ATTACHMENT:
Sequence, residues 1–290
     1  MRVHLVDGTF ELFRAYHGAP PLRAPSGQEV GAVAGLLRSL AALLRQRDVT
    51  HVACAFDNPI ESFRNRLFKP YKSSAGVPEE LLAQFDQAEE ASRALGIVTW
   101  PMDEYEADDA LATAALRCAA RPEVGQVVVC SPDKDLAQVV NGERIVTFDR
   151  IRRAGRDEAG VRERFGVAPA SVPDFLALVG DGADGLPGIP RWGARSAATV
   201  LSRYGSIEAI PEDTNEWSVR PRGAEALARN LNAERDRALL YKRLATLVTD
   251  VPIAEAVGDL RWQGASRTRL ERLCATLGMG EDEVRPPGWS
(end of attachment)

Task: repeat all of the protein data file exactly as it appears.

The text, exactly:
Sequence, residues 1–290
     1  MRVHLVDGTF ELFRAYHGAP PLRAPSGQEV GAVAGLLRSL AALLRQRDVT
    51  HVACAFDNPI ESFRNRLFKP YKSSAGVPEE LLAQFDQAEE ASRALGIVTW
   101  PMDEYEADDA LATAALRCAA RPEVGQVVVC SPDKDLAQVV NGERIVTFDR
   151  IRRAGRDEAG VRERFGVAPA SVPDFLALVG DGADGLPGIP RWGARSAATV
   201  LSRYGSIEAI PEDTNEWSVR PRGAEALARN LNAERDRALL YKRLATLVTD
   251  VPIAEAVGDL RWQGASRTRL ERLCATLGMG EDEVRPPGWS